Do you suffer from allergies? Find out what’s in store for you with Pollenrapporten. This site lets you know how much pollen is in the air, and they even graph the different types of pollen on their pollen calendar, so you know when it’s a good time to stock up on tissues!
Housing & Jobs
Finding a place to live in Stockholm is a nightmare. I might have moved to Stockholm years ago, but unfortunately we’re missing the bureucracatic tolerance gene. A brief glance at the protocols required to find an apartment in Stockholm make us want to hide under our duvets for a while.
Residensportalen is the main website for finding sublets, both corporate and private, from small city apartments to large family homes. Andrahand is useful, but only available in Swedish. There’s also Hemnet and Booli.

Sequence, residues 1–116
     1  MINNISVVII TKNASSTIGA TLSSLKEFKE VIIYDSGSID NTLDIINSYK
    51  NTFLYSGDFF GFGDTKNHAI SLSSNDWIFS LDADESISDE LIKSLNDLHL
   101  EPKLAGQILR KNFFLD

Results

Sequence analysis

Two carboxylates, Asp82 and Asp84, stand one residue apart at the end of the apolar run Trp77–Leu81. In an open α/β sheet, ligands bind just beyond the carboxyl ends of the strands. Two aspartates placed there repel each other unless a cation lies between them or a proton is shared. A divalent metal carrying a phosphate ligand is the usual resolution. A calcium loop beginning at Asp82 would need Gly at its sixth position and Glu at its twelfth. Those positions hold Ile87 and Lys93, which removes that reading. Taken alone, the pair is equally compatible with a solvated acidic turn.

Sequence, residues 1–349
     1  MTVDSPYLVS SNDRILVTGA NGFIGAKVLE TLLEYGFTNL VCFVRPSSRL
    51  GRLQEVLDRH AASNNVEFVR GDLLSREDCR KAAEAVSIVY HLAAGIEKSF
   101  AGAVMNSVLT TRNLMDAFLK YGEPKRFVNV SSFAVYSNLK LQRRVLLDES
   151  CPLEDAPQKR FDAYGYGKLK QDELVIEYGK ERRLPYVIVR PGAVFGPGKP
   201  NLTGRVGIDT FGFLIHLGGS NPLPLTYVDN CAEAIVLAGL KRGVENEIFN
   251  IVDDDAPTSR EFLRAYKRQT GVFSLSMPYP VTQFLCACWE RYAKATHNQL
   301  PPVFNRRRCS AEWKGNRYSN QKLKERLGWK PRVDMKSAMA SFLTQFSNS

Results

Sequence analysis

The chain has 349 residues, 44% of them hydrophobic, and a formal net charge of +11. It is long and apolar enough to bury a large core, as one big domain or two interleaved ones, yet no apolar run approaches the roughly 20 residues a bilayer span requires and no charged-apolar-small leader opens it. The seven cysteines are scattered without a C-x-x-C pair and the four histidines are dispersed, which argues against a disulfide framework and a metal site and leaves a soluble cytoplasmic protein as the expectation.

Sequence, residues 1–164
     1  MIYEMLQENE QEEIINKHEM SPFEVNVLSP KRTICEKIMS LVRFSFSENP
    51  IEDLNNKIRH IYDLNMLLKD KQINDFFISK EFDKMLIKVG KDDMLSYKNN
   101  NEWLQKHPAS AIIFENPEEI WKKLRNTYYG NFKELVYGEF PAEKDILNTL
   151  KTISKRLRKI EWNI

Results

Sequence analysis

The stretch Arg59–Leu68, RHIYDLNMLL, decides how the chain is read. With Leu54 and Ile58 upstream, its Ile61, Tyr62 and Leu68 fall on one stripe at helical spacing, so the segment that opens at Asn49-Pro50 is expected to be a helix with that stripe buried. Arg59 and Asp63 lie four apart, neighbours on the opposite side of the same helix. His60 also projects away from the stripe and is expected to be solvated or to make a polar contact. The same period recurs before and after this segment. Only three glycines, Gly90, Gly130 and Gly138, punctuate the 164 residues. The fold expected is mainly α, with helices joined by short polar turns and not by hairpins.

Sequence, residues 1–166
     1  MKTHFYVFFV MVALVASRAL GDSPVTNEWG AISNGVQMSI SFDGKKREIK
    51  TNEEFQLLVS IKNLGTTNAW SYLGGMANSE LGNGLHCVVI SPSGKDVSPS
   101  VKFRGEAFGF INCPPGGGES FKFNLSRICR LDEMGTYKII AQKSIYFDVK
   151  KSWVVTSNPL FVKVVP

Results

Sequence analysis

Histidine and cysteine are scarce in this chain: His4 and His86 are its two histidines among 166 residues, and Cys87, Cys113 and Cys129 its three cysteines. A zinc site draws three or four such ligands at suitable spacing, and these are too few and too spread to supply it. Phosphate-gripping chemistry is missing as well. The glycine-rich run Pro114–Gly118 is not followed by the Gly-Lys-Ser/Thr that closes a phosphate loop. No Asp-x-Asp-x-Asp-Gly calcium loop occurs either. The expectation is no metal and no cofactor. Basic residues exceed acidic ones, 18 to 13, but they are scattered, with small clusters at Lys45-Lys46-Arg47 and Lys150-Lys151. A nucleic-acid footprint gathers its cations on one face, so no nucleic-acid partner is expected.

Arbetsförmedlingen is the Swedish work agency that can help you find a job or start a business. Arbetsförmedlingen also provides information on asylum and a variety of work permits.
The Swedish Institute work page is a useful tool when looking for English speaking jobs. It explains how to look for work, what permits you need, and general information about what it’s like to live in Sweden. It generally gives off a vibe that they really care and want you to be happy, which is always a plus!
Blocket roughly translates to notebook, like a posit block. It’s a popular hub for housing, vehicles and jobs. They also have a sneaky section for design items.
Trend Sales is an online marketplace for secondhand clothing and beauty products. This website full of gorgeous, unique fashion at a fraction of the price. It’s the most sustainable method of shopping. Tonnes of textile products are discarded as waste each year but now consumers have fewer excuses for throwing away unwanted garments. Check out their blog for some trendy style inspiration.
Apotsea is Sweden’s first full-scale pharmacy that has no physical stores; just e-commerce. They sell drugs and healthcare products at fantastically low prices.